Rape is one of the most powerful weapons deployed in the prolonged conflict in the eastern DRC. It not only damages bodies but also tears apart lives and communities. For women and girls who survive, medical assistance is critical but rarely sufficient. Long-term recovery also requires a safe space where women start to heal their bodies, minds and souls. HEAL Africa, which has provided care for 15,000 women and girls since 1996, provides comprehensive services to survivors of gender violence.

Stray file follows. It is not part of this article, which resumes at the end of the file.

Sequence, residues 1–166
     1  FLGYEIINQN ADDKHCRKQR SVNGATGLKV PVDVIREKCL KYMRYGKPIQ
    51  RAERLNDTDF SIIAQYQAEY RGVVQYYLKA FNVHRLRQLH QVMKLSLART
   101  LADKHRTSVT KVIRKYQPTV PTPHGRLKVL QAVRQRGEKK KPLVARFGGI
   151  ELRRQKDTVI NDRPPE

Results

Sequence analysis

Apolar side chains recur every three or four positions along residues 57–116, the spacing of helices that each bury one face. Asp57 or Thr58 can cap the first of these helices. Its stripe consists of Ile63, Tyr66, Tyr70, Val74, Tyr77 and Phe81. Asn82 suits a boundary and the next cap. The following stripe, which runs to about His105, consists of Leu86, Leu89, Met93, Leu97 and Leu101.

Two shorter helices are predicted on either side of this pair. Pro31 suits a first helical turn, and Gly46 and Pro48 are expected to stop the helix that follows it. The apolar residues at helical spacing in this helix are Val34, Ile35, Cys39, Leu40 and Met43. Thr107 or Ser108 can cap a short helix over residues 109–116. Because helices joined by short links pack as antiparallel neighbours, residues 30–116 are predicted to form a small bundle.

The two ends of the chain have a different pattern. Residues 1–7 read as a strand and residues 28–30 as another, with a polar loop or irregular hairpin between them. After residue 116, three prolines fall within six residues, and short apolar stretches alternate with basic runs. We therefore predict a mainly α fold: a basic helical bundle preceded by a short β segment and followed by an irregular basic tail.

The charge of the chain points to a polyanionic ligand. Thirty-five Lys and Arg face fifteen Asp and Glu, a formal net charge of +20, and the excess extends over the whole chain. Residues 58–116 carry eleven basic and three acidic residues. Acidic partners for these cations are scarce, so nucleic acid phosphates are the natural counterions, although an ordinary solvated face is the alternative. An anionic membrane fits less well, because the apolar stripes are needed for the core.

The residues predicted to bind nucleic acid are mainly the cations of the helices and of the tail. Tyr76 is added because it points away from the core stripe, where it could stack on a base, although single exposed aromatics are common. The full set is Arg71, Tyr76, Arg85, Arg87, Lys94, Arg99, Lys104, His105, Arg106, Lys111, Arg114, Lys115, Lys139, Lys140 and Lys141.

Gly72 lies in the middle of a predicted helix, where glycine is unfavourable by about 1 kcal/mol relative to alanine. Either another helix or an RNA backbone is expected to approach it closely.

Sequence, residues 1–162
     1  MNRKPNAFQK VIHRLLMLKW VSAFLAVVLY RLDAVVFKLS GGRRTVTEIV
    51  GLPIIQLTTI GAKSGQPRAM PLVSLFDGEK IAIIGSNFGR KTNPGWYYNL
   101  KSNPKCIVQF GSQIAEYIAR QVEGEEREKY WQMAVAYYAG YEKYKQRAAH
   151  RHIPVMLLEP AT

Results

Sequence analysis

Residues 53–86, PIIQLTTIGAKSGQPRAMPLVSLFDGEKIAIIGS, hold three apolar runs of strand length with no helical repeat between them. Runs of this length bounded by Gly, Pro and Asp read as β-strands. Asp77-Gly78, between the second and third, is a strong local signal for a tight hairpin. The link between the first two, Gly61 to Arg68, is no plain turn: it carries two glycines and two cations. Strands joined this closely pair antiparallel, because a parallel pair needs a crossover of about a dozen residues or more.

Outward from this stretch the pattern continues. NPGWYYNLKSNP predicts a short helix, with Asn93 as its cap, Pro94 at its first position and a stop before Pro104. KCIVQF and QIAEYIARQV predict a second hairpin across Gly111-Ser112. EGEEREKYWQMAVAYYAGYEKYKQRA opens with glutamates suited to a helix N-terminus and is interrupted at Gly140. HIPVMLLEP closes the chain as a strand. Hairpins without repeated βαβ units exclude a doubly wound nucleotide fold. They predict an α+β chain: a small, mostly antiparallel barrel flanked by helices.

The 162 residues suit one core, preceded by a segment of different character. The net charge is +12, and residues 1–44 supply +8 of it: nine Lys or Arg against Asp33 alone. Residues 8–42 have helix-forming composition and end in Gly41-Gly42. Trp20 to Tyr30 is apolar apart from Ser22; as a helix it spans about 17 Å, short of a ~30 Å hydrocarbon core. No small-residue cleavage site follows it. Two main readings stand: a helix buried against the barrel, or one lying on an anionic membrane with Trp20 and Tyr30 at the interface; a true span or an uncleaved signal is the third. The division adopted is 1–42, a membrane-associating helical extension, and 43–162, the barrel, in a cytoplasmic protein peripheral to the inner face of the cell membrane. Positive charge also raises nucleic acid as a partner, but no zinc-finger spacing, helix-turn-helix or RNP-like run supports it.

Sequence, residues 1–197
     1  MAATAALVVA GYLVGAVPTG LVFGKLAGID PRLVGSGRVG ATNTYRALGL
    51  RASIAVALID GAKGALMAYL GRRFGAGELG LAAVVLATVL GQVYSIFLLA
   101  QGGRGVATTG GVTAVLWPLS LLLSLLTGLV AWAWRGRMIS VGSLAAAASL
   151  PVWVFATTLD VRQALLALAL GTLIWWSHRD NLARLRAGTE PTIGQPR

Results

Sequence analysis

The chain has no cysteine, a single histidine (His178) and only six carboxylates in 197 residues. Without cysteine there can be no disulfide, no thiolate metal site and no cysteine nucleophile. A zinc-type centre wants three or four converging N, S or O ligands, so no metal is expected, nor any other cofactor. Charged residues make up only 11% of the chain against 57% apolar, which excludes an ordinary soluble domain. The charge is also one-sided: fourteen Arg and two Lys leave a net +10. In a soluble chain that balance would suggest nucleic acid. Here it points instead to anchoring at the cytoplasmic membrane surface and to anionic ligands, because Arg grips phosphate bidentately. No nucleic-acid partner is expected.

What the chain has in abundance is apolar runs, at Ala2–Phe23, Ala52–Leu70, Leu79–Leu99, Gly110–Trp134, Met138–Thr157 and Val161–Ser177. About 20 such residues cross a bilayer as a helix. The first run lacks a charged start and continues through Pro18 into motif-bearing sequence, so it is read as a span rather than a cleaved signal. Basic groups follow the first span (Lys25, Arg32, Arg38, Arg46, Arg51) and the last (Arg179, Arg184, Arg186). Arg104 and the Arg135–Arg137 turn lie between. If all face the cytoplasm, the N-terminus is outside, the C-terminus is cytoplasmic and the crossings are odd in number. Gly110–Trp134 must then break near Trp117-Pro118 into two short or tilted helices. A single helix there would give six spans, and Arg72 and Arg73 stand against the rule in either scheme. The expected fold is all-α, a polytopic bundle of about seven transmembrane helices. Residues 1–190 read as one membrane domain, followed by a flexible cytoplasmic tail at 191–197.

With 300 counselors, HEAL Africa runs 28 community houses (Wamama Simameni, or Women Stand Up Together) in North Kivu and Maniema where survivors go after surgery for food, shelter, psychosocial support, economic assistance and cultural activities.
Guided by artists and facilitators, women learn to externalize their pain and speak freely with peers about the social problems they face. They also discuss women’s rights and their role in the peace process, gaining tools to build social stability.